INDIANAPOLIS — Every Indianapolis resident can play a role in fighting back against the public safety crisis the city finds itself in, for yet another year. Officers, community leaders and grassroots organizations cannot stress it enough – it takes everyone.
David Varie leads the relaunch of the Neighborhood Crime Watch for the Binford Redevelopment and Growth, or BRAG, which covers 40 neighborhoods.
“Some of them had longtime, very active crime watch programs,” Varie explained. “Some of them had dormant programs, some of them have never had a program.”
Varie hopes people across the city will be proactive in reaching out to IMPD and starting a block club.
“I think we can engage neighbors and sometimes a car being stolen in your neighborhood is enough to engage people to restart their crime watch,” Varie said.
It’s crimes similar to this that led John Boggs to start a crime watch program at Castleton Estates after the neighborhood experienced five burglaries within a year. A decade later, he said each of their 23 block captains has contact info for each of their residents, which is kept confidential.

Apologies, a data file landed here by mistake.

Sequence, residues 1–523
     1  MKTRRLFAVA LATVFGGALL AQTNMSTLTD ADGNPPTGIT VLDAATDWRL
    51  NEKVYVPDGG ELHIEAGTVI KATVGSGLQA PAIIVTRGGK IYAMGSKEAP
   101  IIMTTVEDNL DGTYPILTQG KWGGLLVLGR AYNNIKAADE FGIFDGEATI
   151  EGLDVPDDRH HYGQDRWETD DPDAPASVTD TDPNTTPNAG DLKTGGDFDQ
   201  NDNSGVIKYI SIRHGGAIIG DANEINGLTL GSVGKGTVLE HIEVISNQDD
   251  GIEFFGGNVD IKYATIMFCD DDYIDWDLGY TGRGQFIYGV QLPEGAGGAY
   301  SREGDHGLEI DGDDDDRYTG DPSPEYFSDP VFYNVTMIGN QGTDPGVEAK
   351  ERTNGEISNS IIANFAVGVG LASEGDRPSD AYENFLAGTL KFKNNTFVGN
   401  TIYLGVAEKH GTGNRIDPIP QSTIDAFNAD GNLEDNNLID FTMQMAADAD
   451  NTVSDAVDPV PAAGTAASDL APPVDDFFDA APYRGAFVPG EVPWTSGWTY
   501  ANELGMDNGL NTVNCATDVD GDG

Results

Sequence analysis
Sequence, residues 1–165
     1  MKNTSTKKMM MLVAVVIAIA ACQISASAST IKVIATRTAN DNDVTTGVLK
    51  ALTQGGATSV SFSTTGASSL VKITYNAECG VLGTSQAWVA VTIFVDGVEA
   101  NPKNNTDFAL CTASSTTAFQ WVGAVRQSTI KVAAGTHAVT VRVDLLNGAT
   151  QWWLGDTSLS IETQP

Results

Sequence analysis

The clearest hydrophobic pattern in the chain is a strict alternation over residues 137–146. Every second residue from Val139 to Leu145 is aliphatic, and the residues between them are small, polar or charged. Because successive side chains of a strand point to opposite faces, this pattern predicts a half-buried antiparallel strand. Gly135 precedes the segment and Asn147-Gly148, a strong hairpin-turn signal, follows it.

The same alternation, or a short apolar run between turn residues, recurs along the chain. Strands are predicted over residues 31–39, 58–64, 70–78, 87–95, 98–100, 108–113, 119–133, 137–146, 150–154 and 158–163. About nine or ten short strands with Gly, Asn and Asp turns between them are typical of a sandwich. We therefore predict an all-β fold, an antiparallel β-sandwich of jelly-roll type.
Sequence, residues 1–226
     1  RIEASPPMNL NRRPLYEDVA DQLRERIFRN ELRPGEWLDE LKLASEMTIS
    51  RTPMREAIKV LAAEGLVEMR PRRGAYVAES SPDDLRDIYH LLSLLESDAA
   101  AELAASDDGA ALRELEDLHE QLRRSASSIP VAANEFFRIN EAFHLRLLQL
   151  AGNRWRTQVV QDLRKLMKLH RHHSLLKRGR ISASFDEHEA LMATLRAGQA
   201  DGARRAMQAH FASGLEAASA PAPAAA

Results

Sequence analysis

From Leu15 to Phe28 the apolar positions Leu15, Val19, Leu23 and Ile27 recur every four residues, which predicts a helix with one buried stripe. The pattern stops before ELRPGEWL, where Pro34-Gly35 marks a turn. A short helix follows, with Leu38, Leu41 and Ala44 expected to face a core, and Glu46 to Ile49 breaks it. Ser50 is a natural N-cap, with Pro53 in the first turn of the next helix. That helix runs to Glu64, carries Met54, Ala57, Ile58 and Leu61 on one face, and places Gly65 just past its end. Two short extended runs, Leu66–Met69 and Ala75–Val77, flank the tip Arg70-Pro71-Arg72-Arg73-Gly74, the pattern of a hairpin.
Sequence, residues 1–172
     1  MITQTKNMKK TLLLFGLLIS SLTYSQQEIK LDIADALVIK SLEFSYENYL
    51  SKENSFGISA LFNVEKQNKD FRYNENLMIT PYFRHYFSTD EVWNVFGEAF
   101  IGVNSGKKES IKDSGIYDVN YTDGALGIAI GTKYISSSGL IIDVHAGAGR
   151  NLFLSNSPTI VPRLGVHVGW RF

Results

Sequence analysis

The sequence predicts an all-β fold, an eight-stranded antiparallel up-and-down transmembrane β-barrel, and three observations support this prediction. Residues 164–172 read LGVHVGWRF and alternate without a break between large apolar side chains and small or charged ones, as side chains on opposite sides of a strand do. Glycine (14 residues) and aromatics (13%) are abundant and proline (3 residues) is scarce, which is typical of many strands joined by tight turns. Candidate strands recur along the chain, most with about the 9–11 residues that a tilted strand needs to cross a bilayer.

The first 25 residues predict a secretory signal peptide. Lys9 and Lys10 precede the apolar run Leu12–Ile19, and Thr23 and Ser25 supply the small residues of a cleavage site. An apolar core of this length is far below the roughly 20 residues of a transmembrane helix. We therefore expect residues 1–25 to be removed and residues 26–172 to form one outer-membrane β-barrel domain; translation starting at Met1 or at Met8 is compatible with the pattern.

“We have cell phone numbers, we have email addresses, we also have over 65% of ICE numbers, in case of emergencies for these people,” Boggs explained.
Crime Prevention Specialist Gerardo Becerra with IMPD Community Relations says crime watch block clubs can be implemented citywide. There must be buy-in from at least 50% of the neighborhood and IMPD needs a membership roster.
Becerra said watching out for each other is key.
“Your community is immediately going to be safer,” Becerra said. “The reason why is simple. You just are lowering the opportunities for criminals to act up in your communities.”
Those interested in creating a crime watch block club should reach out to the crime prevention specialist in their district.